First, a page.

Weaver syndrome and EZH2 mutations: Clarifying the clinical phenotype

Katrina Tatton-Brown, Anne Murray, Sandra Hanks, Jenny Douglas, Ruth Armstrong, Siddharth Banka, Lynne M Bird, Carol L Clericuzio, Valerie Cormier-Daire, Tom Cushing, Frances Flinter, Marie-Line Jacquemont, Shelagh Joss, Esther Kinning, Sally Ann Lynch, Alex Magee, Vivienne McConnell, Ana Medeira, Keiichi Ozono, Michael PattonJulia Rankin, Debbie Shears, Marleen Simon, Miranda Splitt, Volker Strenger, Kyra Stuurman, Clare Taylor, Hannah Titheradge, Lionel Van Maldergem, I Karen Temple, Trevor Cole, Sheila Seal, Nazneen Rahman, Childhood Overgrowth Consortium, David FitzPatrick

Research output: Contribution to journalArticlepeer-review


Weaver syndrome, first described in 1974, is characterized by tall stature, a typical facial appearance, and variable intellectual disability. In 2011, mutations in the histone methyltransferase, EZH2, were shown to cause Weaver syndrome. To date, we have identified 48 individuals with EZH2 mutations. The mutations were primarily missense mutations occurring throughout the gene, with some clustering in the SET domain (12/48). Truncating mutations were uncommon (4/48) and only identified in the final exon, after the SET domain. Through analyses of clinical data and facial photographs of EZH2 mutation-positive individuals, we have shown that the facial features can be subtle and the clinical diagnosis of Weaver syndrome is thus challenging, especially in older individuals. However, tall stature is very common, reported in >90% of affected individuals. Intellectual disability is also common, present in ~80%, but is highly variable and frequently mild. Additional clinical features which may help in stratifying individuals to EZH2 mutation testing include camptodactyly, soft, doughy skin, umbilical hernia, and a low, hoarse cry. Considerable phenotypic overlap between Sotos and Weaver syndromes is also evident. The identification of an EZH2 mutation can therefore provide an objective means of confirming a subtle presentation of Weaver syndrome and/or distinguishing Weaver and Sotos syndromes. As mutation testing becomes increasingly accessible and larger numbers of EZH2 mutation-positive individuals are identified, knowledge of the clinical spectrum and prognostic implications of EZH2 mutations should improve.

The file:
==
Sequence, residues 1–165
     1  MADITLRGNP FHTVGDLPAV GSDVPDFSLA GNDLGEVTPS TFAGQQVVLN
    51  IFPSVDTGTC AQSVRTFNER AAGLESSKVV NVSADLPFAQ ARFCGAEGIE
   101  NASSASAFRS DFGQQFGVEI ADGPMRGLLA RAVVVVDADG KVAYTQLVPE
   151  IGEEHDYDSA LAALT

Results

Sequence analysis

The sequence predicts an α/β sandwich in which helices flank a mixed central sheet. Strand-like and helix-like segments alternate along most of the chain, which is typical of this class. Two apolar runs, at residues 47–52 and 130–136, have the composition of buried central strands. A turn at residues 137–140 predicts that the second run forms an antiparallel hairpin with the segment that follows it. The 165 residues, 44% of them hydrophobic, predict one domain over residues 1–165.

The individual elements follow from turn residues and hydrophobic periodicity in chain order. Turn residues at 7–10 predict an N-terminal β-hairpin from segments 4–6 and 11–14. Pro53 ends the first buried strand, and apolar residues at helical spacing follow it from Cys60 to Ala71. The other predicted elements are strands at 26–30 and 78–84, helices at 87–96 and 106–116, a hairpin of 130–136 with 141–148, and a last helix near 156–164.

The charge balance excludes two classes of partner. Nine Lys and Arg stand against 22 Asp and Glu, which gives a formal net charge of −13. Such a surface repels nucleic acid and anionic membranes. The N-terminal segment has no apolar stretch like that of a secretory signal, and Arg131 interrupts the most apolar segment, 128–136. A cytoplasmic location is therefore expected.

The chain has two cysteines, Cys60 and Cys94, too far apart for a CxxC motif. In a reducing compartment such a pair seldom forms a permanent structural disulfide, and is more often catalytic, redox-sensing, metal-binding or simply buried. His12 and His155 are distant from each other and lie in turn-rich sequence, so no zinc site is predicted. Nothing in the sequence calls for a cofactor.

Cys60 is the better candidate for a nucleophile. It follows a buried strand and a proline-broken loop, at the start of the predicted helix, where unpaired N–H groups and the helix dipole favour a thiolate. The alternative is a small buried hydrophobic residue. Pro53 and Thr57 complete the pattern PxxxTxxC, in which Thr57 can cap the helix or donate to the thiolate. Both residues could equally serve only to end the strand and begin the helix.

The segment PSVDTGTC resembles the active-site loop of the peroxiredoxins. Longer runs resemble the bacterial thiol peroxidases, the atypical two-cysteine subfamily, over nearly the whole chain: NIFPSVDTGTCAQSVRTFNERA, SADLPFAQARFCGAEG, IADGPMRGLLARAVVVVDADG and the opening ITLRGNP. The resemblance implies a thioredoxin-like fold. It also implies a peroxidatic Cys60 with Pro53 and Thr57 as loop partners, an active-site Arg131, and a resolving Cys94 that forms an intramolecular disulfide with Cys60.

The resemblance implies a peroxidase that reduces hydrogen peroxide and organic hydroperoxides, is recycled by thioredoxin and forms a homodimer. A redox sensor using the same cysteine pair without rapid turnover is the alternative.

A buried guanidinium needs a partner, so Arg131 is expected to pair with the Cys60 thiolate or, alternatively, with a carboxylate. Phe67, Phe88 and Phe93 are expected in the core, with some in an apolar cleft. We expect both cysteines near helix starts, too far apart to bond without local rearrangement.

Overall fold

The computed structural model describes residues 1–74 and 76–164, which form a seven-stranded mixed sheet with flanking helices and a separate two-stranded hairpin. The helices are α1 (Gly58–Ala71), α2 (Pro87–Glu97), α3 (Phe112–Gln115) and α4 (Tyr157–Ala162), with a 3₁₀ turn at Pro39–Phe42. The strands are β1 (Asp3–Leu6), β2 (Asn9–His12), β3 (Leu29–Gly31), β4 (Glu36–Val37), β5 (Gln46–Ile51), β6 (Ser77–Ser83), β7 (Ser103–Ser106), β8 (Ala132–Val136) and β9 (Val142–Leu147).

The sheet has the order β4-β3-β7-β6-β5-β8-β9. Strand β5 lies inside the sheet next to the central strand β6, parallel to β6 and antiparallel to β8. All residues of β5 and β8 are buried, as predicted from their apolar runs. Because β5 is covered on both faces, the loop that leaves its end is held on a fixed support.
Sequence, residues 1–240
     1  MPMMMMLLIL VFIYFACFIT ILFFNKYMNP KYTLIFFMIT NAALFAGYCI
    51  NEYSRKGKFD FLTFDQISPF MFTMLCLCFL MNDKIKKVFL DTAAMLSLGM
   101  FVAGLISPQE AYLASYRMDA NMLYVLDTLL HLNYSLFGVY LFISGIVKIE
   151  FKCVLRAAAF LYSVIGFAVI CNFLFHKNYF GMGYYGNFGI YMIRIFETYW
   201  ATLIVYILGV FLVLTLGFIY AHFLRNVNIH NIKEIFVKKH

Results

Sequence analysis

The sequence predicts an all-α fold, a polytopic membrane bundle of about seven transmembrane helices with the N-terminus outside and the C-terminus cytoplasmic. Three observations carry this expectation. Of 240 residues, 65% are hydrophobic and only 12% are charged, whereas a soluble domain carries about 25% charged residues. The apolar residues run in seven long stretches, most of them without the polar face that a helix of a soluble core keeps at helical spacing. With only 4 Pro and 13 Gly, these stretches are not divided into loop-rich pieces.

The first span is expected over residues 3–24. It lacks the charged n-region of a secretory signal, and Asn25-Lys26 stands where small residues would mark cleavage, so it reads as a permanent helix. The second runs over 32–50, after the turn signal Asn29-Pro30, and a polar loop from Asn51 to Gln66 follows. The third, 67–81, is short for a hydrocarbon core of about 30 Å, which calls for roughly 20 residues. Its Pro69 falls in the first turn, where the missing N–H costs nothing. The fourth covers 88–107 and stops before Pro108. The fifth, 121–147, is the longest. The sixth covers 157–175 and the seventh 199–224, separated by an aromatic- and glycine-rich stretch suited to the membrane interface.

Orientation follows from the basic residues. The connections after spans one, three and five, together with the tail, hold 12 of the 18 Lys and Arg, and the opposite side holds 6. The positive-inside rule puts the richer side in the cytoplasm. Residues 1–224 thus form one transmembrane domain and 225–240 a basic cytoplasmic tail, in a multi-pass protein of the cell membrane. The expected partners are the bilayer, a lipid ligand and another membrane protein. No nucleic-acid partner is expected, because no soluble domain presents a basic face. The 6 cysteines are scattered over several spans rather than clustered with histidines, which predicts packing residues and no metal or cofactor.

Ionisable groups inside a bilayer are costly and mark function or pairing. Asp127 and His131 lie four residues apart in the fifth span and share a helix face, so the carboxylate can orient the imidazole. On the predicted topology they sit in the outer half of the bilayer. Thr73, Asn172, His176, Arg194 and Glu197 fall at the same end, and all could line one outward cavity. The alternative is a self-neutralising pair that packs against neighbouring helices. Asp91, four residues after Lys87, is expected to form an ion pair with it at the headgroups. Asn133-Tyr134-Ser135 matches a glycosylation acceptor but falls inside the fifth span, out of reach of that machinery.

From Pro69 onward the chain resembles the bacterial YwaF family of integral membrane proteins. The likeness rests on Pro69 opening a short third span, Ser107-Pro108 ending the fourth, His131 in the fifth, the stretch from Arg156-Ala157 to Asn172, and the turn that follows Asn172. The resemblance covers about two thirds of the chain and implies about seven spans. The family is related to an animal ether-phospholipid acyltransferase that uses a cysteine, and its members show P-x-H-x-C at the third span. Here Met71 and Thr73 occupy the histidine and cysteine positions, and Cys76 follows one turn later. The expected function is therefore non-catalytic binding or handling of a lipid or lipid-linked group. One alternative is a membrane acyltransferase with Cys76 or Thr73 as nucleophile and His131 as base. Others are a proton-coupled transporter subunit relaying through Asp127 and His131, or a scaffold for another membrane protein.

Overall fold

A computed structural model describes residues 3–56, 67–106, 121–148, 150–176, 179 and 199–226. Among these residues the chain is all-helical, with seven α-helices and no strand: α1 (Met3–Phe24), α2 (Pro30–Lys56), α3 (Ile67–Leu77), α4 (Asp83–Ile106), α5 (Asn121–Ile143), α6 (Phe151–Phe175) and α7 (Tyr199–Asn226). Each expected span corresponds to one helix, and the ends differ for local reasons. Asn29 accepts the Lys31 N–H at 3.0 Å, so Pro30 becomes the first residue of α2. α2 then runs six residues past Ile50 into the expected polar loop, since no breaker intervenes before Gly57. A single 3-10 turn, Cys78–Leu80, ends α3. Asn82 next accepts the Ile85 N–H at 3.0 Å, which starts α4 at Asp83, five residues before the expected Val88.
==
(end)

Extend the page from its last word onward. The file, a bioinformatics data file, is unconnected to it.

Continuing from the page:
Original languageEnglish
Pages (from-to)2972-80
Number of pages9
JournalAmerican Journal of Medical Genetics Part A
Issue number12
Publication statusPublished - Dec 2013


  • Abnormalities, Multiple
  • Adolescent
  • Child
  • Child, Preschool
  • Chromosome Deletion
  • Congenital Hypothyroidism
  • Craniofacial Abnormalities
  • Developmental Disabilities
  • Female
  • Growth Disorders
  • Hand Deformities, Congenital
  • Humans
  • Intellectual Disability
  • Male
  • Mutation
  • Phenotype
  • Polycomb Repressive Complex 2
  • Sotos Syndrome


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